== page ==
The news is full of threatened cuts as the City rolls out the new four year budget process and proposals. There is always public posturing and positioning while negotiations go on in private. Usually this leads to cuts not being as bad as signalled. This does not mean we should not be very concerned. A four year budget lends itself to the argument that it must be conservative. This will allow the City to set relatively low targets for fulfilling its social responsibilities. These may or may not be improved in successive years as there will be surplus and deficits to be dealt with. To date, there has been no information on what happens if the picture is different in year 2, 3 and/or 4.
For now, the City committed to implementing a poverty reduction strategy, but only within existing budgets. What we are hearing to date, such as drastic cuts to transit and only a .5% increase to community services, needs community to step up and push back.
Community groups have put forward solutions. Make Poverty History Manitoba’s Winnipeg Without Poverty has developed a visionary anti-poverty strategy with 50 recommendations of how the City can lead. These should be front and centre in the budgeting process. Moreover, the Canadian Centre for Policy Alternatives released an Alternative Municipal Budget that provides a detailed fiscally prudent template for to implement a progressive budget.
This new process has the presentation of the departmental proposals earlier than in previous years. This means more opportunity to speak out. There will be delegate presentations from November 22 to November 28. Community groups are coming together to have their voices heard. Please come out to our meeting to hear what others are saying and learn the basics on how to advocate for what you want. If you can’t make the meeting, please check out the City Clerk’s Department official website if you want to organize on your own.
If speaking at City Hall is not possible for you, you can always write the Mayor and Council here. Tips:
Know your points before you call
If emailing try to keep it short
If doing either or both, make sure you request a response
Follow up on that response
Try to be solution focused ie.: Where they can find the money. Our property taxes have been kept unsustainably low for decades. We have allowed urban sprawl to deplete our tax base (check out CCPA report on The High Cost of Free-Riding and How We Fix It and Brent Bellamy’s Free Press article – City’s expanding footprint has high cost). The Save Our Canopy campaign is a great example. It identified that taking less than 5% from the capital roads budget will increase our ability to save our tree canopy by 200%. In short, give the decision makers your permission to spend less on what can wait and more on what cannot!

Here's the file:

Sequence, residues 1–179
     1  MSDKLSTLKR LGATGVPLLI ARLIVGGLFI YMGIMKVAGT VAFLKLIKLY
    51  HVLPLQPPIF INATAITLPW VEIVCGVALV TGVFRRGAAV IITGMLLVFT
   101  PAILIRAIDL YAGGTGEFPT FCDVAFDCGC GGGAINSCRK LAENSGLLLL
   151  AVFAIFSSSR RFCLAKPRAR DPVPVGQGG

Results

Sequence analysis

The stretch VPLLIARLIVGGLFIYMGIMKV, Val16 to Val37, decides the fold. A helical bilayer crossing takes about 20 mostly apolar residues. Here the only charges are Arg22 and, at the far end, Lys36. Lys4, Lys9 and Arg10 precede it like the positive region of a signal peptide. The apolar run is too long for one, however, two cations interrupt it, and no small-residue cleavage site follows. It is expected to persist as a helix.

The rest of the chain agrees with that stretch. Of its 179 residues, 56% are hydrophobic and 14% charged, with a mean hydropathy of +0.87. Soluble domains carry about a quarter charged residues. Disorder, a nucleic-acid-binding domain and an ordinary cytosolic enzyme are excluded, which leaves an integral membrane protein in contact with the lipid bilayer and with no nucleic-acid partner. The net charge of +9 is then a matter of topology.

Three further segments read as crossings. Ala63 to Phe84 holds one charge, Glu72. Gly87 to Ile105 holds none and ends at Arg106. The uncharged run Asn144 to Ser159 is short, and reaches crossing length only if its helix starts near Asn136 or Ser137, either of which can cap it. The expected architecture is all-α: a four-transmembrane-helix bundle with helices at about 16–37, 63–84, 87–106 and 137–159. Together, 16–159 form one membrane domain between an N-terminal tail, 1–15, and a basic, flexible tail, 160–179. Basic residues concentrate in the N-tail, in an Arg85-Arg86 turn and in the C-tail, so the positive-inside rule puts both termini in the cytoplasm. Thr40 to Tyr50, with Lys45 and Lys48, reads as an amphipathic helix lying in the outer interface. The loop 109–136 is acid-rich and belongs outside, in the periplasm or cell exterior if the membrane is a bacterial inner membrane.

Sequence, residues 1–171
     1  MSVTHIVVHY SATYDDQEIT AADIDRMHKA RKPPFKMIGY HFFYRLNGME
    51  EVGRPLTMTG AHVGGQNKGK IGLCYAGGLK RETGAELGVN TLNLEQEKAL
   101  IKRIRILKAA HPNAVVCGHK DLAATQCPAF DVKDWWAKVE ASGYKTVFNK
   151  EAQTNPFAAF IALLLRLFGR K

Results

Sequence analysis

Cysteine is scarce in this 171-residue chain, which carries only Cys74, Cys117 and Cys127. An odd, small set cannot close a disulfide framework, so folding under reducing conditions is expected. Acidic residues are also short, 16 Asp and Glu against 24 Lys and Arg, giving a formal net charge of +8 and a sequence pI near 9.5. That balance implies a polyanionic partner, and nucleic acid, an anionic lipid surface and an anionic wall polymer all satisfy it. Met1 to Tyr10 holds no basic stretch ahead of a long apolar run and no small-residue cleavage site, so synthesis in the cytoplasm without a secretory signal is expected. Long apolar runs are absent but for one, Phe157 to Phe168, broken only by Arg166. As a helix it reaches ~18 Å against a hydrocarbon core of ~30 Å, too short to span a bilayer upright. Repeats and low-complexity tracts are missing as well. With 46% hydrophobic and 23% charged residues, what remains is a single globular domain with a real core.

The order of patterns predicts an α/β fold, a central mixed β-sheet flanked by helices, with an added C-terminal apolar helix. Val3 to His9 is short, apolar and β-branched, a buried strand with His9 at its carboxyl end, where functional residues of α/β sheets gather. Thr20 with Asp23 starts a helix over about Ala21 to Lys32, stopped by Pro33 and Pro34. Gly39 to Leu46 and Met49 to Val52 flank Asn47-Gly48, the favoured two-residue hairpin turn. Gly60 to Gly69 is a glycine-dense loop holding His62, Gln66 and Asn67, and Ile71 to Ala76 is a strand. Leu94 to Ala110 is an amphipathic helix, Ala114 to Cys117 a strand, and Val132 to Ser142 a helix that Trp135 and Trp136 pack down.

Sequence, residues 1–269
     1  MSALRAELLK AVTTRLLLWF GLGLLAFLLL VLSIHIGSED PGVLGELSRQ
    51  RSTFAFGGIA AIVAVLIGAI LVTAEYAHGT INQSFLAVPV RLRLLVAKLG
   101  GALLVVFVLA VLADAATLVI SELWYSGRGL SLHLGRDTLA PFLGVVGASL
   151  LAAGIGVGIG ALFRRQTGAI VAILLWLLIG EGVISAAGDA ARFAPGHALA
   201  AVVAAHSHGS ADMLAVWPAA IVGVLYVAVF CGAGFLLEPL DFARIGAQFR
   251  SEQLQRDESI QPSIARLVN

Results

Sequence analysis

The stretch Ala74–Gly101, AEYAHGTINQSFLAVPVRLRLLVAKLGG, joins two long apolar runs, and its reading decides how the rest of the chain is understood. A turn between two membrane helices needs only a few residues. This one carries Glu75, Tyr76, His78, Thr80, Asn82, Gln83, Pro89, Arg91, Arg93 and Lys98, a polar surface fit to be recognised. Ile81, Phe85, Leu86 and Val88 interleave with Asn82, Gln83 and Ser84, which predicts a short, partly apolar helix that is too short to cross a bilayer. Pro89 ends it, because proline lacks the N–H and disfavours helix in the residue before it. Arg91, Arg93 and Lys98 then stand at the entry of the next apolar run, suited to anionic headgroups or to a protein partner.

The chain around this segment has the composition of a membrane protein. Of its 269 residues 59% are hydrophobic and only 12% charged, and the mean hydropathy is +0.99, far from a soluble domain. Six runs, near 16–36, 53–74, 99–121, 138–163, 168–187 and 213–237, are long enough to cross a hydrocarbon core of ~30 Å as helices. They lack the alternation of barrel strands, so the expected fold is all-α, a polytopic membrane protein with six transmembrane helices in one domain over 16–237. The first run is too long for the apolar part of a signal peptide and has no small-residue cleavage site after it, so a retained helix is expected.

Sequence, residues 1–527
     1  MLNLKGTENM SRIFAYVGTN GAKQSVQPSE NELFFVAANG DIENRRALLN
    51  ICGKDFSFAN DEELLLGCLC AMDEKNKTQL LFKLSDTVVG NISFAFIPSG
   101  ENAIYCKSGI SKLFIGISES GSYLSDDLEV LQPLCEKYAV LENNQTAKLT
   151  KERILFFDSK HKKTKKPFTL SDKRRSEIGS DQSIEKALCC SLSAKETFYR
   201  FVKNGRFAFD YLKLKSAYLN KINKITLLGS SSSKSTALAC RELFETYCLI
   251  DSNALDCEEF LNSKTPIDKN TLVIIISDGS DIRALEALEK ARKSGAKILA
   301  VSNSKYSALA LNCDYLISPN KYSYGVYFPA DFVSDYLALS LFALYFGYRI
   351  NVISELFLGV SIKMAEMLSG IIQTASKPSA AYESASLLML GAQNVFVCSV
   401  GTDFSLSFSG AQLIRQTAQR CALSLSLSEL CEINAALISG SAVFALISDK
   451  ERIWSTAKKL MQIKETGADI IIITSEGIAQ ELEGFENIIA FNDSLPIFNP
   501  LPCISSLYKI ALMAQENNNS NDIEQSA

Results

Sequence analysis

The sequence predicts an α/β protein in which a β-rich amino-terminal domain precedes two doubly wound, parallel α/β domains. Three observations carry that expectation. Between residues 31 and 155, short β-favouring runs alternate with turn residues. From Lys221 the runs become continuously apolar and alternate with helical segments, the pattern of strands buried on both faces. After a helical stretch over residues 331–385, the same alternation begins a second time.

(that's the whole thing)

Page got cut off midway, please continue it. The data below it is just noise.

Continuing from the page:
Last week, Winnipeg City Council’s Public Work’s committee recommended moving ahead with the first phase of a discounted bus pass. The proposed reduced fare would apply to full monthly adult passes, starting at a 30 percent discount in April increasing to 50 percent by 2022.
Community groups working in environmental sustainability and
social justice have been calling for a reduced fare bus pass for low income
people for many years. While the city’s proposal is a positive first step, we
know that for many low income households it does not go far enough. At $70
dollars per month next year, it will still be out of reach to far too many.
Discount single fares would be more accessible for those who cannot afford a
full month pass. As well, a true low income pass would be available to all age
groups including seniors and youth.
Other cities like Calgary have gone much further in making
truly affordable low income bus passes. To achieve these objectives Winnipeg
will need greater provincial support, including re-establishing a 50/50 funding
arrangement for transit. The Province already pays out over $4 million annually
in bus fares for people on EIA and other provincial programs, so they have a
clear financial responsibility.
Community members will have an opportunity to have their
voices heard at Winnipeg City Hall on October 24th at 9:30 am when
the low income transit pass goes to City Council for a vote. Social
Planning Council of Winnipeg is encouraging everyone to come out and have your
In preparation for this meeting, SPCW is holding an information
and organizing meeting where we will help get people ready for presenting so
that we can share messages and support each other.
Date: Tuesday, October 22nd, 2019
Time: 10 am – noon
Venue: Social Planning Council of Winnipeg, 432 Ellice
Please contact Josh Brandon at: email@example.com to
RSVP or if you have questions on the event.
FOR IMMEDIATE RELEASE: Child Poverty: 30 Years and Still Counting 2019 marks the 30th anniversary of when all the parties present in the 1989 House of Commons unanimously voted to end child poverty by the year 2000. Today, Campaign 2000 …Continue reading →